Unlike suspensions that last for a specific period of time, expulsions don't have a time limit. A student expelled from only their school will be assigned by the board to another school and they may only return to the prior school with permission. A student expelled from all Peel board schools cannot return to school until they satisfy the objectives of a program for expelled students. Once this has been done, a letter requesting readmission should be sent to the superintendent of education. The board, through the Alternative Program Review Committee, will re-admit a student if they have successfully met the program's objectives. Once met, a re-entry plan will be created for the student's transition back to school.How will my child continue their education while on suspension/expulsion?
The board is committed to providing suspended and expelled students an opportunity to continue their education by providing an educational program and support to help students meet their learning goals.
Elementary students will be supported in continuing to acquire the necessary knowledge and skills outlined in the Ontario curriculum. Secondary students will be supported in continuing to earn credits towards their Ontario Secondary School Diploma.
As has been done in the past, school work will be provided to all suspended students to help ensure program continuity. School work will be provided within a reasonable time frame depending on the length of the suspension.
Students who are suspended between six and 20 school days will be offered the board's Fresh Start program. While these students attend Fresh Start, they will continue with the work that is provided by the home school classroom teachers.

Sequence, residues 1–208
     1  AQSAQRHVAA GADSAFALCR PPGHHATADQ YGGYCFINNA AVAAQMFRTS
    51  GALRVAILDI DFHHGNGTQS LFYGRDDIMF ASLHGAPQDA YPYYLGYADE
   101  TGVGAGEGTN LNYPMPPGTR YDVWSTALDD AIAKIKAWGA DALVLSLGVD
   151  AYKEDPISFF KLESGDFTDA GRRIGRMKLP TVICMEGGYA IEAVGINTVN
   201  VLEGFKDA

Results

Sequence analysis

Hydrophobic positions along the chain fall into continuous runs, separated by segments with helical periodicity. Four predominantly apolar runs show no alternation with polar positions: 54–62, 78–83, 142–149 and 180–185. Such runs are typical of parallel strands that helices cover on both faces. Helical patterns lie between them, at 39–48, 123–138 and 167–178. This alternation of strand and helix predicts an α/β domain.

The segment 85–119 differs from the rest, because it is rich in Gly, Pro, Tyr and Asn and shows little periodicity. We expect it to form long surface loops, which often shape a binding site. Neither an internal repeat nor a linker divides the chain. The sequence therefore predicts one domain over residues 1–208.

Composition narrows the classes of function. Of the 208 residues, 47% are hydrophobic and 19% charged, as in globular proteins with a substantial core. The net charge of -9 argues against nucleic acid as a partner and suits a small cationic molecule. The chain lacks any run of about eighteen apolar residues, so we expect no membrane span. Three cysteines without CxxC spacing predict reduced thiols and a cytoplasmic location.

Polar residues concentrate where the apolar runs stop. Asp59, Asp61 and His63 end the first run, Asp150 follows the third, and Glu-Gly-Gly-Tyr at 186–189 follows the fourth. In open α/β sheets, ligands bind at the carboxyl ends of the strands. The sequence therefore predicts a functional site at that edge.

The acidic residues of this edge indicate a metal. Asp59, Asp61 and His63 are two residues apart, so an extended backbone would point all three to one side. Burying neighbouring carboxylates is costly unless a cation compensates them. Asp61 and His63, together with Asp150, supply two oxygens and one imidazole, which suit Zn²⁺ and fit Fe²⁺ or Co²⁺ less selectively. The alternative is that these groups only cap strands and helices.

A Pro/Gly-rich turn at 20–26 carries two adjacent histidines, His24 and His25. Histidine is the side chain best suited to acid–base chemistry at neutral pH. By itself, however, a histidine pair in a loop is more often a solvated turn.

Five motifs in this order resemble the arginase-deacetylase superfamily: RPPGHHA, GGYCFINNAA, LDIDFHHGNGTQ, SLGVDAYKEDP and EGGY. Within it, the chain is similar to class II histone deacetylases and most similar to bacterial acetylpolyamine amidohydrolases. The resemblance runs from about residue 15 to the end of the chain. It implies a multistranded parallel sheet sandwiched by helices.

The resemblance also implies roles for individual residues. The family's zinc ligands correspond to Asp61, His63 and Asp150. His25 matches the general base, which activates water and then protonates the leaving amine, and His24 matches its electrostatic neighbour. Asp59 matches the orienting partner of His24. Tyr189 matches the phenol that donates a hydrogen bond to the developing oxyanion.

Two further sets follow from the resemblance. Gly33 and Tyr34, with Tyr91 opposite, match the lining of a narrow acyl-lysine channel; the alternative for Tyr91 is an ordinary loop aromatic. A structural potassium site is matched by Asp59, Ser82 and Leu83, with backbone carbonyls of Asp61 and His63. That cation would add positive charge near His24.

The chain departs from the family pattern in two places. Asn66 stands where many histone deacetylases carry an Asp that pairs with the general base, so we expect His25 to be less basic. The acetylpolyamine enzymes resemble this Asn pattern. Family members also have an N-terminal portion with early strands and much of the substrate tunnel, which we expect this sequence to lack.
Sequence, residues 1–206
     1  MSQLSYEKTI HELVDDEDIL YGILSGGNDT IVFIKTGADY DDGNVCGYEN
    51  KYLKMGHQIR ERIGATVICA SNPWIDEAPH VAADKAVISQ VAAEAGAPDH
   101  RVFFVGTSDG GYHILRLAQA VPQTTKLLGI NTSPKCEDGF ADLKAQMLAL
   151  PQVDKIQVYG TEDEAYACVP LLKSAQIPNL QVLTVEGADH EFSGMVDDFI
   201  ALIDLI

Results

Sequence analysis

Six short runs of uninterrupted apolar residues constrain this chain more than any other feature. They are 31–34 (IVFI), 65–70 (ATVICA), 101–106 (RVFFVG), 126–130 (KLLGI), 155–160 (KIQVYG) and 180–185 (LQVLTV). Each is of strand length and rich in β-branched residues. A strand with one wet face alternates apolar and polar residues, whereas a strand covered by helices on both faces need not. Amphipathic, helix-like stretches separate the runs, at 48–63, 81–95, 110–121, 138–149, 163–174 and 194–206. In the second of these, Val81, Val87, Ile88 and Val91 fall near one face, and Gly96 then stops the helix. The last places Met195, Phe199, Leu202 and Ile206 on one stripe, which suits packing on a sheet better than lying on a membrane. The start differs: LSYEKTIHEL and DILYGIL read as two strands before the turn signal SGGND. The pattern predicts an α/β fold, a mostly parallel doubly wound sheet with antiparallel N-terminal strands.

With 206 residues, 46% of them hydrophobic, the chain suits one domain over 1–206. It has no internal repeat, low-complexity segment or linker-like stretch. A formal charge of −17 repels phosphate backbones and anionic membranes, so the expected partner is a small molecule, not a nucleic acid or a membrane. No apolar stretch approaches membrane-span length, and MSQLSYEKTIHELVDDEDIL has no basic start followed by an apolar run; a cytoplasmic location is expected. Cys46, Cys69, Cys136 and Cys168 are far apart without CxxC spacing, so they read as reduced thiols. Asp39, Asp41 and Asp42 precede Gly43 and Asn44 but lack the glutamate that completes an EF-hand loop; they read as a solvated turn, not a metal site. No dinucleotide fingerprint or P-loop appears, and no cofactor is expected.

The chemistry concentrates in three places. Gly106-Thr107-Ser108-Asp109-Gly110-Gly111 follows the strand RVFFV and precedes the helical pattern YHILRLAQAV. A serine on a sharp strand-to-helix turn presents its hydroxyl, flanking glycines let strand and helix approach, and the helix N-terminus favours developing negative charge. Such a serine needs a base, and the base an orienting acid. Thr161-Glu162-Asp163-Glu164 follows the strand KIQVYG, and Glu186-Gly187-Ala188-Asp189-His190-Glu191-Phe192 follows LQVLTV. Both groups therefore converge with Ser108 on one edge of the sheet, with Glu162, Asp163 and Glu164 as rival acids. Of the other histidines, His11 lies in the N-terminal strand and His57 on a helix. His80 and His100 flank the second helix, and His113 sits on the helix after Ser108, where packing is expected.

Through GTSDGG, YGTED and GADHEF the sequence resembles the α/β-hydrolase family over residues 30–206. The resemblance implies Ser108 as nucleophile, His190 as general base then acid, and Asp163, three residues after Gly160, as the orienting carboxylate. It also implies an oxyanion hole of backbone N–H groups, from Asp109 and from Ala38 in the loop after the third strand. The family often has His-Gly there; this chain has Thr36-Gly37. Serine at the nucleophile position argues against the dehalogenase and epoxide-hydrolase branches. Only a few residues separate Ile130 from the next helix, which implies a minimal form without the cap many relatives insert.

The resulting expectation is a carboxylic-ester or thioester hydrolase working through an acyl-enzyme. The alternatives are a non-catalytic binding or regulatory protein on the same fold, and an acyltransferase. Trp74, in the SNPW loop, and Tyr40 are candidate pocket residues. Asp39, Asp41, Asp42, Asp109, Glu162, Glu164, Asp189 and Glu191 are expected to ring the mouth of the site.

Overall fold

Expelled students will be offered the board's Fresh Start program for expelled student. Once a student chooses to attend a program for expelled students, Fresh Start teachers will take over the student's educational programming.
When a student makes a commitment to attend a Fresh Start program for suspended or expelled students, a Student Action Plan will be developed. If a student on a six to 20 day suspension does not participate in a Fresh Start program, some sections of the Student Action Plan will still need to be completed. For students heading towards a possible expulsion, the entire Student Plan will be completed whether or not the student attends the Fresh Start program. The plan will be reviewed with the student and/or their parent(s)/guardian(s) at a planning meeting.
Transportation to and from the Fresh Start program is a parent and student responsibility.Can expulsions be appealed?
Yes. All expulsions can be appealed to the Child and Family Services Review Board within 30 school days of receipt of the decision to expel. Should you wish to appeal, you may contact the Child and Family Services Review Board at 416-327-4673 or 1-888-728-8823. Your child will remain expelled until the appeal is resolved.About this parent guide
This guide reflects the legislated changes required by Bill 212. It has been produced by Leadership Development & School Support Services and Communications and Community Relations Support Services.Questions?
Contact your child's principal or vice-principal, or call 905-890-1010 (or 1-800-668-1146) ext. 2640. You can request a copy of the entire policy from the school or download it from the Peel board website at www.peelschools.org